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Soil erosion control in maize - SP0404

Description
Soil erosion is a major problem in many maize growing areas of the UK and the problems are likely to worsen further as the area of maize grown continues to increase with the introduction of further cold-tolerant varieties. There are problems of rill (gully) and sheet soil erosion with sometimes spectacular incidents and frequent serious but insidious problems associated with soil particulate run-off. There are also problems relating to nitrates and to some extent herbicides, but more especially phosphates, being washed-out of maize crops into water courses causing long-term pollution. However, growing maize in a bi-cropping system with a perennial or at least semi-permanent understorey offers potentially enormous advantages in reducing these hazards.
Work is needed to demonstrate the advantages of growing maize with an appropriate understorey in the UK. In parts of the USA crown vetch (Coronilla varia) is grown routinely as an understorey in maize specifically to prevent soil erosion (Hartwig, 1983). Work on the Continent, especially in Germany and Switzerland (e.g. Ammon & Bohren, 1996 and Bigler et al.,1995) has shown that various understoreys can be grown within the maize crop, the maize crop yield is sustained and there are major benefits in terms of soil erosion reduction. As well as the virtual elimination of soil particulate erosion probably, although not tested, there is a major reduction in phosphate leaching (which is usually associated with soil particulate run-off). Other advantages observed are the reduction of herbicide usage and increases in the biodiversity of beneficial invertebrates.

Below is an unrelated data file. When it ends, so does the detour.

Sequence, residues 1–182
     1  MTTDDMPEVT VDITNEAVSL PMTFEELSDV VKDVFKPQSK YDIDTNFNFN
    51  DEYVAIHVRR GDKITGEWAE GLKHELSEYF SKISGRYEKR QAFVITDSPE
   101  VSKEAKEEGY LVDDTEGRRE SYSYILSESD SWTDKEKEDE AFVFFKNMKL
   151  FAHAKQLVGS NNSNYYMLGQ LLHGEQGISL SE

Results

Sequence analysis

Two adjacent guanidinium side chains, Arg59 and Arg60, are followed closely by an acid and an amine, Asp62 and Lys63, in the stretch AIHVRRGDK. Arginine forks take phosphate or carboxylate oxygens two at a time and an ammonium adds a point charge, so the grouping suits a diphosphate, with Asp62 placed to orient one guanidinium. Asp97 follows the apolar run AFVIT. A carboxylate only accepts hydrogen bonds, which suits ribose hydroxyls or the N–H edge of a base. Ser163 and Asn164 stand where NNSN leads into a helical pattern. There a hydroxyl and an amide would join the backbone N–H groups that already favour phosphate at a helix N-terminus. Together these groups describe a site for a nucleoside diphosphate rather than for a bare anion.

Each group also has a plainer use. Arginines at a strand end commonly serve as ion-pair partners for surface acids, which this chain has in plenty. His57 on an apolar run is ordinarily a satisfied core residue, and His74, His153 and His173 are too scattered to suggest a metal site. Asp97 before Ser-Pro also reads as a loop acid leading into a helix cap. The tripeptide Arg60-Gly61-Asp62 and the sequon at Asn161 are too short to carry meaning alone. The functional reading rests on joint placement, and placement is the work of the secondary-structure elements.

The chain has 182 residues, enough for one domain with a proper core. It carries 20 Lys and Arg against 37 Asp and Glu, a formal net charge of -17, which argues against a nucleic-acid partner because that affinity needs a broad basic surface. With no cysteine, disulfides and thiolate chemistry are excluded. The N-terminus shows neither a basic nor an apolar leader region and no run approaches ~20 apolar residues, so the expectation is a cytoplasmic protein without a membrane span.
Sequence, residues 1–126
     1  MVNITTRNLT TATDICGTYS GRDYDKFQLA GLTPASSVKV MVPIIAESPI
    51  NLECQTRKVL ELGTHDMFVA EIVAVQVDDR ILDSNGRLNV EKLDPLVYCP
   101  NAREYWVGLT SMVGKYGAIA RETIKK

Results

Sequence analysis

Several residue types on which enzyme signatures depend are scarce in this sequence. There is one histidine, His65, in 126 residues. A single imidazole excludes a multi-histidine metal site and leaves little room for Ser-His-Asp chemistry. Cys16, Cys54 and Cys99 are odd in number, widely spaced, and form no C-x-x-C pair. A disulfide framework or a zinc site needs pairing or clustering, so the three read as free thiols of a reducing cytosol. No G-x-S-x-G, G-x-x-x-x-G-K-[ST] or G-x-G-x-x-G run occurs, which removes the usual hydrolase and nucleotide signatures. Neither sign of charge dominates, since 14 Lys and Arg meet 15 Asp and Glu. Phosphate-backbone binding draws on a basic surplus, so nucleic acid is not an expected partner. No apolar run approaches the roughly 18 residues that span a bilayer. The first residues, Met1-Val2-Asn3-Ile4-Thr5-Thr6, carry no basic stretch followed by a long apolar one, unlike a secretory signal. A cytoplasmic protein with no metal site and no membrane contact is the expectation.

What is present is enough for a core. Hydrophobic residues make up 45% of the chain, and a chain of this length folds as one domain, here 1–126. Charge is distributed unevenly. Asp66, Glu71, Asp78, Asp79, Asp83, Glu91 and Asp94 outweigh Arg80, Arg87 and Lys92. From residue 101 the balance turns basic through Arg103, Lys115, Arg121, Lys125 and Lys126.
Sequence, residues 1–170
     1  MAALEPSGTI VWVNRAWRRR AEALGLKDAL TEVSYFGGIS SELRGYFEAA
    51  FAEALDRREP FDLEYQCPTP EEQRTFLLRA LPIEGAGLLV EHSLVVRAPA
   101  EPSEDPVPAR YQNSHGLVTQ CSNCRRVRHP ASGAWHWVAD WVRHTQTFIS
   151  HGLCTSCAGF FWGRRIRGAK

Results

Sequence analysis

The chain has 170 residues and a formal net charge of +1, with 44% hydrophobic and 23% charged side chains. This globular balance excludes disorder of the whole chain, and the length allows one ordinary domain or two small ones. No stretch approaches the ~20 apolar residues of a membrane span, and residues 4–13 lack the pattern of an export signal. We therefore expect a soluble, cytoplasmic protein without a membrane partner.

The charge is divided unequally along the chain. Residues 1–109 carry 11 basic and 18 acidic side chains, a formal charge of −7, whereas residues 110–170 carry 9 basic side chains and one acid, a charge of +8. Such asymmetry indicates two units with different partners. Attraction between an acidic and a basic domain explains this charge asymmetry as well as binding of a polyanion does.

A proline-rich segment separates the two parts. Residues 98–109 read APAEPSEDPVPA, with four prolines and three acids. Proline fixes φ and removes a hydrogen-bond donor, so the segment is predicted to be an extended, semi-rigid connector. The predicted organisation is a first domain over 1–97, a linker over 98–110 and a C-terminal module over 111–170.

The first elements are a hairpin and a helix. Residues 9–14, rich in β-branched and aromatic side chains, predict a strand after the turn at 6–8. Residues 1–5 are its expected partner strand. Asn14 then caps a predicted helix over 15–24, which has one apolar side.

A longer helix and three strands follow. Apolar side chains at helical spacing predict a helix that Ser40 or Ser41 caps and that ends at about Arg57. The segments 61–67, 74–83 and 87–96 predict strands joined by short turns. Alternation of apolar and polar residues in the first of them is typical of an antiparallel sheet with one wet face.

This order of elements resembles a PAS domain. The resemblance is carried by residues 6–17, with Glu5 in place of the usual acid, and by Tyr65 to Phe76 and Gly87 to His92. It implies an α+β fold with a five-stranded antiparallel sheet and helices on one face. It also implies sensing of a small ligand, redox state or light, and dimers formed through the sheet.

Clearly there is considerable scope in the UK to grow understoreys within maize in order to control soil erosion, as has been done on the Continent, and to overcome the other problems referred to above. The work will establish the value of understoreys, winter cover crops and the strategy of growing maize at closer spacings to prevent both soil erosion and phosphate losses into water courses. The work will be done with the full support of the Maize Growers Association.
Objective
Year 1
1. Establish experiment and determine the level of soil particulate run-off and phosphate loss from plots of maize that are:
at North Wyke
(i) grown conventionally
(ii) grown with a clover understorey
(iii) grown with a ryegrass understorey
(iv) where a winter cover crop is used
at Long Ashton
(v) grown with different row spacings/cultivations/slope

Year 2
2. Repeat measurements of soil particulate run-off and phosphate loss from (i) – (v) at the North Wyke and Long Ashton sites.

Year 3
3. Establish experiments at other site(s) and develop further anti-erosion cultural practices.

Project Documents
• Final Report : Soil erosion control in maize   (211k)
Time-Scale and Cost
From: 1998

To: 2001

Cost: £155,907
Contractor / Funded Organisations
Institute of Grassland and Environment Research (IGER)
Keywords
Agricultural Land              
Environmental Protection              
Erosion              
Land              
Soil              
Fields of Study
Soil Protection